Swiss army knife
By Denise Jan on Unsplash

The vast majority of early-stage startup products consist of an application made of a handful of UI screens, a few CRUD APIs, real-time updates, notifications and not much else. However, when it is time to build a small team, many hire specialist roles from day one. For example, in a team of 4 engineers, you often see specific frontend, backend, iOS and DevOps roles. If the company later wanted to build an Android app, they would also hire an Android engineer.

I think this is a mistake in 95% of cases.

Specialised Engineering organisation

Here are some of the consequences of a heavily specialised team early on in a startup's life.

  • 🛑 Development can halt whenever anyone goes on holiday or gets sick.
  • 😱 There's always severe disruption when someone leaves the company as they are typically the only person holding all the knowledge of a particular system area.
  • 🛣️ The team is less able to adapt to changing priorities. For example, the iOS app is abandoned in favour of a web application with a larger scope. Startups are high uncertainty environments, and this is likely to happen.
  • 🤔 It's easy for engineers to fall into the trap of thinking in terms of UI screens and API endpoints instead of user experiences and real value.

Instead, I would encourage CTOs and founders to consider hiring fullstack engineers or generalists.

Generalist Engineering organisation

Generalists are not experts and thought leaders in every software development field. Such a person does not exist. At the very least, you'll have a tough time finding and hiring them. I am talking about engineers with t-shaped skillsets. A fullstack engineer may know more about building amazing frontends and prefer to work in that area. At the same time, they will be versatile enough to be productive and create quality work for others.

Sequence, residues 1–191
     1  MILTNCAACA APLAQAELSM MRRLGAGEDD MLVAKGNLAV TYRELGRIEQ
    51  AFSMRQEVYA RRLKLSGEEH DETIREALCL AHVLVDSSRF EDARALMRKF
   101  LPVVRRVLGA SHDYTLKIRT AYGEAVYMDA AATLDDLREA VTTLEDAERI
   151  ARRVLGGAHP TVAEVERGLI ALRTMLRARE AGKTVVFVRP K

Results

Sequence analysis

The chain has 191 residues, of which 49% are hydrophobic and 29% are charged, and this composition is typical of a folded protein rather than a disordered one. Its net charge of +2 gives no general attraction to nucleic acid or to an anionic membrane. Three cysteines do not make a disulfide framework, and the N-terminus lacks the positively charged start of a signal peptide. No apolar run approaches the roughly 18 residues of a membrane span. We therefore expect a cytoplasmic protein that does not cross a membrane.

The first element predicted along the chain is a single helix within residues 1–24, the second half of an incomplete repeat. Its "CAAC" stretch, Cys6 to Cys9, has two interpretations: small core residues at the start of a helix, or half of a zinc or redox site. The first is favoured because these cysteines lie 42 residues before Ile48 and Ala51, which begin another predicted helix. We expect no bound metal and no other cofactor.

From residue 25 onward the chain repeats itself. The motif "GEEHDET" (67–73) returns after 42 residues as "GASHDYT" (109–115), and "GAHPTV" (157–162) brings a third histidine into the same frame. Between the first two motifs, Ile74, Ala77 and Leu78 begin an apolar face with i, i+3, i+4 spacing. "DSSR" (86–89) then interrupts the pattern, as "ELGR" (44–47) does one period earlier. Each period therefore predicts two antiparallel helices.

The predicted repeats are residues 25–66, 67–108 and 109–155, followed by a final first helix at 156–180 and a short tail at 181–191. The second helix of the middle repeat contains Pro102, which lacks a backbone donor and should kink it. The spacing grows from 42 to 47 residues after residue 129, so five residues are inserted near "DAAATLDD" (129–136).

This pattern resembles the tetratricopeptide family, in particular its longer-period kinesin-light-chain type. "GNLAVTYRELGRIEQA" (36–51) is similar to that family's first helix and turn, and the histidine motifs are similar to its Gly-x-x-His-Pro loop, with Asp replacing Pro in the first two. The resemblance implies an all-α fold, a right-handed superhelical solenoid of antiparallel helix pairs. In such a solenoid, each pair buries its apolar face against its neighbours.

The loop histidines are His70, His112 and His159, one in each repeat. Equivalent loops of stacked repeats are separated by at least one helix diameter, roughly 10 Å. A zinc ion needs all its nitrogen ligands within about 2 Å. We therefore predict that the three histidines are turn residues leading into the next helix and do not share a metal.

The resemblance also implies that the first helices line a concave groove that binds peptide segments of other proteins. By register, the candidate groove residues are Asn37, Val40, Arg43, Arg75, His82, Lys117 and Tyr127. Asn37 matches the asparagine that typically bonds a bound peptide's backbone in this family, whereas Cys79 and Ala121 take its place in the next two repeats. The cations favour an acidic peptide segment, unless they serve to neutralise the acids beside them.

T-Shaped Skillset diagram

Before going to hire, you should analyse the current gaps of the team so that you can bring a generalist aboard whose top skills fill some of those gaps. Then, you can promote activities like tech talks and pairing so that the knowledge of the new joiner spreads across the team.

Some of the benefits of hiring generalists early on are:

  • 💪 Your team is more resilient to people being out, whether on holiday or permanently.
  • 🧘‍♀️ Increased flexibility, you have folks who can work on the most important thing™.
  • 🥅 It becomes easier to encourage product thinking and help engineers focus on finding PMF.

Of course, everything comes with a disclaimer, as there are few absolute truths when building products. I said that hiring specialists early on may be a bad idea 95% of the time. Well, what about the remaining 5%.

When hiring, you should always work back from business goals. In some cases, hiring specialists from the get-go may make sense. Here are a couple of examples.

  • Your mobile experience cannot be replicated as a web or React Native app, and you need folks who can write iOS or Android native apps.
  • Your product is a REST API with a complex AI system behind the scenes and no graphical UI. You may want AI engineers who can also write APIs.
  • You run a web3 Ponzi scheme and need blockchain experts.

🙌 Thanks for reading.